The Parish Church of St George the Martyr, Waterlooville


Seven decades ago, as a boy chorister, Rod would eagerly look forward to the church services on Sunday in order to ‘sing Merbecke’. This was a musical setting of the liturgy, devised nearly 500 years ago for the Anglican church. Thomas Cranmer, Archbishop of Canterbury, had produced his Book of Common prayer in the time of King Edward VI, which (in some modified forms) is still in use today. John Merbecke was asked by the Archbishop in 1550 to produce service music “containing so much of the Order of Common Prayer as is to be sung in Churches” and the result was The Boke of Common Praier Noted.

John Merbecke (c1510-1585) was a choirboy at St George’s Chapel, Windsor and an organist there from 1541. It was not unusual for writers on theological matters in that turbulent epoch to be accused of heresy if they did not comply fully with the current religious dogma. Thus, Merbecke was so accused and sentenced to be burned at the stake, only to be pardoned before the sentence could be carried out.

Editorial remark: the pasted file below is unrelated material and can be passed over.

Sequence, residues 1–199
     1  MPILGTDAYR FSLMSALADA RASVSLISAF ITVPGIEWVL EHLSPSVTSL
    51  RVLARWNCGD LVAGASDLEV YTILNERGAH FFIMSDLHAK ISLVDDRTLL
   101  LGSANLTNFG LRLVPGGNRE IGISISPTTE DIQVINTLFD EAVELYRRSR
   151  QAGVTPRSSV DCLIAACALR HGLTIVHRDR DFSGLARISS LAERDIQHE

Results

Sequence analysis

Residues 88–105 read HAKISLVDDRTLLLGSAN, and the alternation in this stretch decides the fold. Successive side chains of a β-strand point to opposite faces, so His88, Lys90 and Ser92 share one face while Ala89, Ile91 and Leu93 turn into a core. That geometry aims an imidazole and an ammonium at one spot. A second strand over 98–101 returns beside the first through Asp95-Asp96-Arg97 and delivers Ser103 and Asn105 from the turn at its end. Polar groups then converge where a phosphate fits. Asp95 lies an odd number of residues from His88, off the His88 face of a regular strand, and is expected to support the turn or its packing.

The music was tuneful and easy to sing, derived from a simplified version of Gregorian Plainchant. It was written on a four-line stave, based on the breve and tolerant in its use of measure. In addition to the Communion Service, a considerable amount of music was provided by Merbecke - for Psalms, Canticles, Versicles and Responses and other renderings, including, as the illustration shows, the Magnificat.

Festival Edition 2012

Annual Parochial Church Meeting

Older members of the congregation will remember Merbecke’s music with affection. Rod has discovered that a church not far from St George’s still uses it.

Rod Dawson